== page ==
austin.jpgThe Friends began by tapping an invaluable relationship. “Earlier in 2014, we had struck up a partnership with staff at the Barnes & Noble store in nearby Rochester,” explained president Sue Grove. “This allows us to provide new books for sale at author presentations in our library, as well as at the annual Austin Artworks Festival.”

After these initial forays into new book sales proved successful, the Friends sat down with the Barnes & Noble community outreach liaison to plan something much more ambitious. “While brainstorming new ways to leverage this connection, board members came up with the idea of hosting a special holiday book sale at the library.”

They reasoned that such a program would allow residents to, once again, buy new books in Austin – while simultaneously drawing people into the library and boosting the public profile of the Friends. “Our board has sponsored two successful used book sales every year for many years, so this really seemed like a natural extension,” Grove said.

Barnes & Noble welcomed the opportunity to expand their reach in this market, knowing that not all readers in Austin are willing to make the 40-minute trek out to their Rochester store.

“We hoped to appeal to all ages, and so enlisted the help of people from various backgrounds and with varied interests to select book titles,” Grove explained. For instance, a retired kindergarten teacher picked out an assortment of in-demand children’s books. In total, the Friends spent a full five hours in Barnes & Noble pulling together merchandise retailing at about $7,000 for resale. “We bought so much that the 20 percent discount promised was increased to a 25 percent discount!”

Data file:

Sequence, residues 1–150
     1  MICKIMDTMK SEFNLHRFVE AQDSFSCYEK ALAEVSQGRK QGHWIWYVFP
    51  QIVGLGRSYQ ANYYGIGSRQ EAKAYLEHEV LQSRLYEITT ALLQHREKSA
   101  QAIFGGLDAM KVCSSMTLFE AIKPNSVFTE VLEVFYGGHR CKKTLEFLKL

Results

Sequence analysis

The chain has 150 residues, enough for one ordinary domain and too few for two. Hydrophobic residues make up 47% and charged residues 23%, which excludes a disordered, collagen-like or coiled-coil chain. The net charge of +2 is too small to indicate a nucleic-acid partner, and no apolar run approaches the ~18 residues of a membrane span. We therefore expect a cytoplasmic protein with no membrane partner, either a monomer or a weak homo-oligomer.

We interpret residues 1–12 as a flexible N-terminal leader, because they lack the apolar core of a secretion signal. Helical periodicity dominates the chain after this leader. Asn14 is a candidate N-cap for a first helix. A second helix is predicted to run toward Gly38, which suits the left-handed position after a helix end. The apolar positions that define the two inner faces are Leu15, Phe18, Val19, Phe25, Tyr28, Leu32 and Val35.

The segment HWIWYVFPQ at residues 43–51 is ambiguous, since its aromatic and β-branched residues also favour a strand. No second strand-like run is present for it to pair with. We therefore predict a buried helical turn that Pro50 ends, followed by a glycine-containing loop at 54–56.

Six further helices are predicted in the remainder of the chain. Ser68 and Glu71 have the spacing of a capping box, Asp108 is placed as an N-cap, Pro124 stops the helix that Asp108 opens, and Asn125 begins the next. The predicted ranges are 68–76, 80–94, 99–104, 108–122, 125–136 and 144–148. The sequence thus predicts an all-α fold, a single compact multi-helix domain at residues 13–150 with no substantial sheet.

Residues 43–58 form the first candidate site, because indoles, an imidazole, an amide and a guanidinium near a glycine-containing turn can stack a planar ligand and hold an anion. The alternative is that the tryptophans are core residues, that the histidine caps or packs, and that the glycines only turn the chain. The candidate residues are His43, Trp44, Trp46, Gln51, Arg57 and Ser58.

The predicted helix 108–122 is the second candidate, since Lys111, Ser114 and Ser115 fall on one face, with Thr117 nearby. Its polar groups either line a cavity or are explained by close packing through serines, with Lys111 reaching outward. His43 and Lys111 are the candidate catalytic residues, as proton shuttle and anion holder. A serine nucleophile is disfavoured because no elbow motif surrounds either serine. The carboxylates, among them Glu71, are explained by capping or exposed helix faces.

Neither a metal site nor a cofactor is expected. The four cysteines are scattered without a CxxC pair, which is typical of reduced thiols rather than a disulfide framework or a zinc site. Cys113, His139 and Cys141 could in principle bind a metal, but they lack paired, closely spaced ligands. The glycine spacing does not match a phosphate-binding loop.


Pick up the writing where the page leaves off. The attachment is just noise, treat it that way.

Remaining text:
A strong promotions blitz augured well for the three-day event. In addition to distributing flyers and posters, the Friends made appearances on local television and radio stations. The Austin Daily Herald gave the book sale front-page billing on two separate occasions, and Barnes & Noble coordinated web publicity.

“The event succeeded beyond our wildest dreams,” Grove explained. “Everyone was so excited about the first ever event of this kind… The room was packed throughout the sale. On the first day, people were even lining up 45 minutes before we opened!” Inventory sold so quickly that Barnes & Noble reps trucked additional books in from Rochester on the second and third days.

At the end of the event, the Friends let Austin’s collection development librarians select books they wanted for circulation. Barnes & Noble accepted back whatever remained, meaning that the Friends lost no money on unsold items.

While fundraising was a secondary objective, the Friends of the Austin Public Library raised over $1,250 through the holiday book sale. They intend to make it an annual tradition – albeit next year, in a much larger room!

Evy Nordley Finalist Spotlight: Friends of the Ramsey Co. Library

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Between now and the big Evy Nordley announcement on Oct. 8, we will take a moment to highlight each of the 2015 finalists and their exemplary Friends project or initiative. We welcome you to join us at MLA to learn more.

F. Scott Fitzgerald died 75 years ago, but the literary luminary and St. Paul native would have felt right at home last February at the Friends of the Ramsey Co. Libraries’ signature fundraising event: the Great Gatsby Gala. For the second time in as many years, over 200 flappers and fellas converged on the Roseville Public Library for this memorable night.